Introduction to the Grid
This week we will be discussing the concept of the grid in art. When you hear someone say “grid system” they’re often talking about a means by which an artist can reproduce another 2D work faithfully. A “perspective grid” is a particular kind of grid that assists artist in depicting one point, two point or three point perspective. Additionally, the grid is often seen as a very modern theme in art; various artists use grids in their work rather than simply using grids to construct their work.
We’ve already seen the grid at work in the concept of the Rule of Thirds. This week you’ll dive deep into the concept and its pervasiveness in contemporary art.
- Familiarize yourself with the concepts of grids as a theme, perspective grids, and grid systems of drawing.
- Show that you can identify works with grids as a predominant theme in the work and use gridlines/guidelines in Photoshop.
- Create your own work that demonstrates use of a grid in a creative way.
Additional Resources, Names and Terms to Know
- The Grid as a Checkpoint of Modernity
- Image Quilts (some of the artists collected here are “grid makers”)
- Agnes Martin
- Color field painting
- Josef Albers
- Gee’s Bend quilts
- Georges Vantongerloo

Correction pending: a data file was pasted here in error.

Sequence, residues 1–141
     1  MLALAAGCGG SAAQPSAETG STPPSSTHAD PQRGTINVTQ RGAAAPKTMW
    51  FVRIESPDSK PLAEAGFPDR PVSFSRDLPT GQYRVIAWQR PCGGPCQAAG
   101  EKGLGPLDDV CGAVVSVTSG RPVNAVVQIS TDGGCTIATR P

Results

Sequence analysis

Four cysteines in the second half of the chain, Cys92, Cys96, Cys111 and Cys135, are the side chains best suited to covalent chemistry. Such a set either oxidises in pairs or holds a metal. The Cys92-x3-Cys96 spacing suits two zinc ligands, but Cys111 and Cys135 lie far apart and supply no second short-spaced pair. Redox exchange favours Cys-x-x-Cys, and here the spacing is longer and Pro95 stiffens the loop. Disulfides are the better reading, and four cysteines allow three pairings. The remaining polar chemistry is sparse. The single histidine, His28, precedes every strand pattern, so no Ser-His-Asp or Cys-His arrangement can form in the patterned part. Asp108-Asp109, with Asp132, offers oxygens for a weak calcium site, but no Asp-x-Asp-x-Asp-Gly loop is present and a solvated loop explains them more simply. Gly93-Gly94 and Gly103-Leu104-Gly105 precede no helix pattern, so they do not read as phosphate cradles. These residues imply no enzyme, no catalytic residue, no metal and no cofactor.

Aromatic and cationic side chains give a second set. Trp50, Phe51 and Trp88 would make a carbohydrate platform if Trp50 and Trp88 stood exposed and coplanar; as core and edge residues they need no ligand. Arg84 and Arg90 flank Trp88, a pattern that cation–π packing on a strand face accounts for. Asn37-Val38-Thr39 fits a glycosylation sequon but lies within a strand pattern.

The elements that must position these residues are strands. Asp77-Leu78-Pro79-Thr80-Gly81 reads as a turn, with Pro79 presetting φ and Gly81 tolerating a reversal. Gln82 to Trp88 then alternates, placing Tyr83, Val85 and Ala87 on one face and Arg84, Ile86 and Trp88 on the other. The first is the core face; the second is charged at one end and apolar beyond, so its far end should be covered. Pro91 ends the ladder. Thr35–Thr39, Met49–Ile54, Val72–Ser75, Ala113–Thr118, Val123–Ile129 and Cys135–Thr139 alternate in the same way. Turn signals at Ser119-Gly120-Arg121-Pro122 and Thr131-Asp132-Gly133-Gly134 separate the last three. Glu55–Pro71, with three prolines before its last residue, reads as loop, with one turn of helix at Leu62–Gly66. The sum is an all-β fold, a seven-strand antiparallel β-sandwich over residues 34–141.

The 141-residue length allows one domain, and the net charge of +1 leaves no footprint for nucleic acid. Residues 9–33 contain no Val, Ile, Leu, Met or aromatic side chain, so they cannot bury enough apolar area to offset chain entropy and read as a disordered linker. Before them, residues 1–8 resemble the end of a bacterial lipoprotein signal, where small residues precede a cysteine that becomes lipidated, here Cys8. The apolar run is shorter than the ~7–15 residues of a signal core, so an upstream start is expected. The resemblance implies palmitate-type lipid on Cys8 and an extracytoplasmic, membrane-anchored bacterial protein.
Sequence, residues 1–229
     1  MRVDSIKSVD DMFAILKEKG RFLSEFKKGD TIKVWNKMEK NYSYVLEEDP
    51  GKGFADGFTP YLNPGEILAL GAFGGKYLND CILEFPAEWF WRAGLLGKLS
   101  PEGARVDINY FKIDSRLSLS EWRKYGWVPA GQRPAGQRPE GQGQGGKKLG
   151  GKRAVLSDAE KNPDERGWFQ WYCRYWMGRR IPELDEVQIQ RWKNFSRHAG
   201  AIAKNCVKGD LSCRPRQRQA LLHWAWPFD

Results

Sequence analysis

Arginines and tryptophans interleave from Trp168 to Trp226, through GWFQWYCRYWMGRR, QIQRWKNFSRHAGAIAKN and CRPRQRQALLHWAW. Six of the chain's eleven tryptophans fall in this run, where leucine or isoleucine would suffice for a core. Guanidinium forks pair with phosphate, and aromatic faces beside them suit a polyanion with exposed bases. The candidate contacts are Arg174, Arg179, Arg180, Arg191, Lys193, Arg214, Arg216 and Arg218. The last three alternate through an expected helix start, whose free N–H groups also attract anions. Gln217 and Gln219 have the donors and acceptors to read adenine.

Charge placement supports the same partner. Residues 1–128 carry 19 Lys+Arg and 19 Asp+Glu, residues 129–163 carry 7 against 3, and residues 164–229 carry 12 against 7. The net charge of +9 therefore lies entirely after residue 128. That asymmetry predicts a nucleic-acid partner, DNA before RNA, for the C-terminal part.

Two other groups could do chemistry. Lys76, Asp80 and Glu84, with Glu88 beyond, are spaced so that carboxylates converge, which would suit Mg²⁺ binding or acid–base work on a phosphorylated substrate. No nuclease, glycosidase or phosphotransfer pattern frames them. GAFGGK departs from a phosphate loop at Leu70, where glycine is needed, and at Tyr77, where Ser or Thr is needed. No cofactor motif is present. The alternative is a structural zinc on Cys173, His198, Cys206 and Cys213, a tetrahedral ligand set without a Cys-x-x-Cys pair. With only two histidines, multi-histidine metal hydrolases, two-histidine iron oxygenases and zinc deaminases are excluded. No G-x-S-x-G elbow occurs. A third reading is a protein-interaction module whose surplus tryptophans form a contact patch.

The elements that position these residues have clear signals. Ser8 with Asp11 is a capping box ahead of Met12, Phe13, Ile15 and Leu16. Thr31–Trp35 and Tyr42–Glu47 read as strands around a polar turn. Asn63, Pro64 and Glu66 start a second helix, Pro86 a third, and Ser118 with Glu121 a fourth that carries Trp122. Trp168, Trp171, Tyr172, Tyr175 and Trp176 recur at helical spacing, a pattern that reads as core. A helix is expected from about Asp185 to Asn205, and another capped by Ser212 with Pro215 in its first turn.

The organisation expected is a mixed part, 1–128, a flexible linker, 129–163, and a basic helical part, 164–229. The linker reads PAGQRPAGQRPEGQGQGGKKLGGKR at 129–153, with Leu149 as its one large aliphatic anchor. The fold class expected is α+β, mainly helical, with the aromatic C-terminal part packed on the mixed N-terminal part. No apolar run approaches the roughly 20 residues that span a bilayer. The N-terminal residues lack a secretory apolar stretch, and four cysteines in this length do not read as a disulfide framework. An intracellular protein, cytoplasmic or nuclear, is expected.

- Paul Klee (one of my favorites)
- Piet Mondrian
- Pixel art
- Cubism and Picasso (his grids are often further divided into triangles, but the grid is still an architectural feature underneath).
- low-poly art (again, often further divided into triangles, but the grid is still there)
- minecraft art
- Sol Lewitt
- Caio Fonseca (his work is interesting in the places where he goes off the grid.)
- Russian Futurism
Grid Systems of Drawing
“The grid system is an aid, not a guarantee. It permits a number of possible uses and each designer can look for a solution appropriate to his personal style. But one must learn how to use the grid; it is an art that requires practice. ” – Josef Müller-Brockmann
There is a long history behind the grid as both a guideline and a methodological approach to drawing. The image below is an etching by Albrecht Durer revealing an artist’s method for faithfully reproducting what he saw.
Most likely, an art teacher in high school showed you how to use this method to reproduce an image from a magazine. There is a short video below of this method in action.
Use of perspective grids is covered heavily in drawing classes and the subject is both deep and wide.